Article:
Today, a coalition of conservative organizations released the Freedom Conservatism: A Statement of Principles letter articulating the values and principles that unify groups across the liberty movement.

Independent Women’s Forum joins with many other allies in agreeing to these principles because we believe that they are fundamental to people experiencing more opportunities and greater well-being.

For example, the economic opportunity derived from small business ownership or freelancing would not be achieved in an economic system that does not respect private property and enforce contracts.

Individuals cannot express their natural skills and ability in the marketplace by creating goods and services that consumers want–no matter how small–if the government owns all means of production and decides where time and money should be invested.  

Women who want to balance raising their children or caregiving for an aging parent can find flexibility in an ever-evolving economy that generates alternatives to a traditional 9-to-5 job.

We risk losing all the individual choices, rights, and freedoms as well as the opportunities that flow from the free enterprise system when government grows beyond its limits.

We believe that a limited government, which upholds the law and ensures that it is applied to everyone equally, creates certainty and fairness for people to engage in commerce and participate freely in society.

Unfortunately, younger Americans and some minority groups believe in the fable of socialism and increasingly reject capitalism necessitating that we articulate the principles of liberty and free enterprise:

Today’s public policy challenges are different than the ones faced by the Sharon Statement signatories in 1960. Authoritarianism is on the rise both at home and abroad. More and more people on the left and right reject the distinctive creed that made America great: that individual liberty is essential to the moral and physical strength of the nation.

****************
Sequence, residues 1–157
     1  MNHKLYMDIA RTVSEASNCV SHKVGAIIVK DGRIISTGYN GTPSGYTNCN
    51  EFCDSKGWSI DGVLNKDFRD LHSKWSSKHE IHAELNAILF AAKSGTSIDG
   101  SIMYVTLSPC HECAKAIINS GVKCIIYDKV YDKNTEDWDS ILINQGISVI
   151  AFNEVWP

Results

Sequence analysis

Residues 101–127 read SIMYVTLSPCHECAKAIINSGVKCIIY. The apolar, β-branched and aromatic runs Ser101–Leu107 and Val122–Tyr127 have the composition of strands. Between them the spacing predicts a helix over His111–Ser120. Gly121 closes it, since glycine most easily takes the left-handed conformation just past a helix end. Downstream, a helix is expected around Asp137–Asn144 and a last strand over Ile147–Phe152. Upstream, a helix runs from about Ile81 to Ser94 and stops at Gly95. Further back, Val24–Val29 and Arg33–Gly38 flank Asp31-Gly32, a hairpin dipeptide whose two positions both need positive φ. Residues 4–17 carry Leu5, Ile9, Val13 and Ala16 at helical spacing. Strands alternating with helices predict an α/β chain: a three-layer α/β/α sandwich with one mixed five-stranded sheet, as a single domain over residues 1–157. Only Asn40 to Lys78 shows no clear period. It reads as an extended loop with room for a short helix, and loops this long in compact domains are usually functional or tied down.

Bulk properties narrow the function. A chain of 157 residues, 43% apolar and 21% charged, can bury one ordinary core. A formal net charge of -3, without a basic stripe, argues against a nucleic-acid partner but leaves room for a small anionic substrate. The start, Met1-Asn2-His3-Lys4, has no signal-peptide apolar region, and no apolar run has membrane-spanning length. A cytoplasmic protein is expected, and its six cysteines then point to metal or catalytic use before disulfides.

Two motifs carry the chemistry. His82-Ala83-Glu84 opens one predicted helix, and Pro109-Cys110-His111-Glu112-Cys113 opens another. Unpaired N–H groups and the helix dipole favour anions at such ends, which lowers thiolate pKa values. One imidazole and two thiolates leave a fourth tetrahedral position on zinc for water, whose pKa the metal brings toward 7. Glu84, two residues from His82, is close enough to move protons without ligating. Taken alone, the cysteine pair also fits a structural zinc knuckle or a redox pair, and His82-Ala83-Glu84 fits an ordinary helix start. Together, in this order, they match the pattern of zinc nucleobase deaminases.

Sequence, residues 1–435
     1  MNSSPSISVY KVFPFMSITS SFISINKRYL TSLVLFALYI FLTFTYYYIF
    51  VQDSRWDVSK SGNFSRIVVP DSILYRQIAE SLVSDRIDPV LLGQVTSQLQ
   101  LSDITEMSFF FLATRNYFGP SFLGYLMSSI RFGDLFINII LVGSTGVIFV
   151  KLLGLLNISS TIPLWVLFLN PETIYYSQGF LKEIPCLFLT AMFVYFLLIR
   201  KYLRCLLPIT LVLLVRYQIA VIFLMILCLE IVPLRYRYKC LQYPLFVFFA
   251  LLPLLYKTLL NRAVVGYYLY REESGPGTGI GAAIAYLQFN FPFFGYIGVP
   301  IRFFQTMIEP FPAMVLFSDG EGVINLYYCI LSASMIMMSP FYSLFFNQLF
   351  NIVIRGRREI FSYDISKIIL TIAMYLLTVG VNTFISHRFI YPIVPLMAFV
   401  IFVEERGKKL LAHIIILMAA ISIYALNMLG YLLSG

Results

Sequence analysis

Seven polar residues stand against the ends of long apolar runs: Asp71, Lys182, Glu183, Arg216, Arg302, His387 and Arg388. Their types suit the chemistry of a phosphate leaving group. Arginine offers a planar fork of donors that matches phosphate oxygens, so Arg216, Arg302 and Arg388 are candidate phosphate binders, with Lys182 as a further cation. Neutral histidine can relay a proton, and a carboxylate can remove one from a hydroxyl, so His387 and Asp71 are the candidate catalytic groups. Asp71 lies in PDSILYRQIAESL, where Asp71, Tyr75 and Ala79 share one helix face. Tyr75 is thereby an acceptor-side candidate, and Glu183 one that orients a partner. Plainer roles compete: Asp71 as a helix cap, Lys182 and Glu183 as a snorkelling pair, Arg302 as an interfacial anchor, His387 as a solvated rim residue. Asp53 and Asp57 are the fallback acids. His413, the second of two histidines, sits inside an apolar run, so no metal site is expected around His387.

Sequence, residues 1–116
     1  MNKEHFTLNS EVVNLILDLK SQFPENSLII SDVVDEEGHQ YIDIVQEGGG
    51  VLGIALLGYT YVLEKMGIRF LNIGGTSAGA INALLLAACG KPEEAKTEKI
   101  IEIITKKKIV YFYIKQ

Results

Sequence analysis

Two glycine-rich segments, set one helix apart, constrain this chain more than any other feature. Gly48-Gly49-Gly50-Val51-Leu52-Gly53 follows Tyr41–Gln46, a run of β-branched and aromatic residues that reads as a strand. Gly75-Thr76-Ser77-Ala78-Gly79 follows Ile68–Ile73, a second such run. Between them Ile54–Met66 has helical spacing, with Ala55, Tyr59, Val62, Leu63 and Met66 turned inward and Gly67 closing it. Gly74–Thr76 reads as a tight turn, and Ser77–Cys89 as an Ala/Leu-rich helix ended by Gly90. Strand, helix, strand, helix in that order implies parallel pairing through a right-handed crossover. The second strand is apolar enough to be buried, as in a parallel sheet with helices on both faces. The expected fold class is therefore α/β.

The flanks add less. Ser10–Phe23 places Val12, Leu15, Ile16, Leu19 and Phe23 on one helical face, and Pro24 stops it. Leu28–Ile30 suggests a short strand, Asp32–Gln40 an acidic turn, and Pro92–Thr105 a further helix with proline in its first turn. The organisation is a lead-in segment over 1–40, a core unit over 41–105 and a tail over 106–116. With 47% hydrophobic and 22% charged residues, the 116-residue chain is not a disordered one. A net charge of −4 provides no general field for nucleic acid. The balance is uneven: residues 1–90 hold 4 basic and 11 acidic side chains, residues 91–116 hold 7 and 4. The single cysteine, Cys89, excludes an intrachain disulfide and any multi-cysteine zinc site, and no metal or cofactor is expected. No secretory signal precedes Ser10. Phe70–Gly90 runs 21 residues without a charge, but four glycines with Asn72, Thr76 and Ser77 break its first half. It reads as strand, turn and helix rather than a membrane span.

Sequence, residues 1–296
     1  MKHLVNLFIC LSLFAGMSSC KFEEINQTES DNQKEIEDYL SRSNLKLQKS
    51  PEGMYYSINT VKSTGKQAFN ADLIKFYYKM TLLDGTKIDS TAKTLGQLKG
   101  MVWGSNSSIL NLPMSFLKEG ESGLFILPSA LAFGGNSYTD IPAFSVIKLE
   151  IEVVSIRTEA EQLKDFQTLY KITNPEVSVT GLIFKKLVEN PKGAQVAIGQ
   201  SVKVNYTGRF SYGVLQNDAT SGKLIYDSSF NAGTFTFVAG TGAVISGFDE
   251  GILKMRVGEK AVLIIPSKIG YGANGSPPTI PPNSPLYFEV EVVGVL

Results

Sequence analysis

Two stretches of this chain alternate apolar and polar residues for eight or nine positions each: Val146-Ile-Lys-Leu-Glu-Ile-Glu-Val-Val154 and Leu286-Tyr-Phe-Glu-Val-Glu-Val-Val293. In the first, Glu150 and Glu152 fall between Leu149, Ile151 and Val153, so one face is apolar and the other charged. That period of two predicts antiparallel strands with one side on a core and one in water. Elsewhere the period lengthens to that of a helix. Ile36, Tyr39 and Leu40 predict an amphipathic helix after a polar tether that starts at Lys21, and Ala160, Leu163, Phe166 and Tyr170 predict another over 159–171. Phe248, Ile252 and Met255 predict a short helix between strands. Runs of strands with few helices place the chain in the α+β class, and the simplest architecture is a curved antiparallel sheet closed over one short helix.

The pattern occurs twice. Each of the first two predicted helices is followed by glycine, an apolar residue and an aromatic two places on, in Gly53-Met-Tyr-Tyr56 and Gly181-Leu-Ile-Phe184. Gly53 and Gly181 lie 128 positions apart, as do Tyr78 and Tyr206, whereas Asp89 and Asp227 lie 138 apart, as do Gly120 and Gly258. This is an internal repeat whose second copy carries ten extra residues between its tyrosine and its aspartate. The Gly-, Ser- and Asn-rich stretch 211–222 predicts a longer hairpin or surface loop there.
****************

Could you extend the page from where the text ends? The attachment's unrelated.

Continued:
The time could not be more relevant for leaders to affirm the principles of liberty.

The principles begin with liberty itself:

  1. Liberty. Among Americans’ most fundamental rights is the right to be free from the restrictions of arbitrary force: a right that, in turn, derives from the inseparability of free will from what it means to be human. Liberty is indivisible, and political freedom cannot long exist without economic freedom.

Rounding out the top three principles:

  1. The pursuit of happiness. Most individuals are happiest in loving families, and within stable and prosperous communities in which parents are free to engage in meaningful work, and to raise and educate their children according to their values.
  2. The foundation of prosperity. The free enterprise system is the foundation of prosperity. Americans can only prosper in an economy in which they can afford the basics of everyday life: food, shelter, health care, and energy. A corrosive combination of government intervention and private cronyism is making these basics unaffordable to many Americans. We commit to reducing the cost of living through competitive markets, greater individual choice, and free trade with free people, while upholding the rule of law, freedom of contract, and freedom of association.

The other principles include full faith and credit; a nation of laws, not men; Americans by choice; out of many, one; America’s promissory note; the shining city on a hill; and freedom of conscience. 

To learn more about Freedom Conservatism: A Statement of Principles, visit: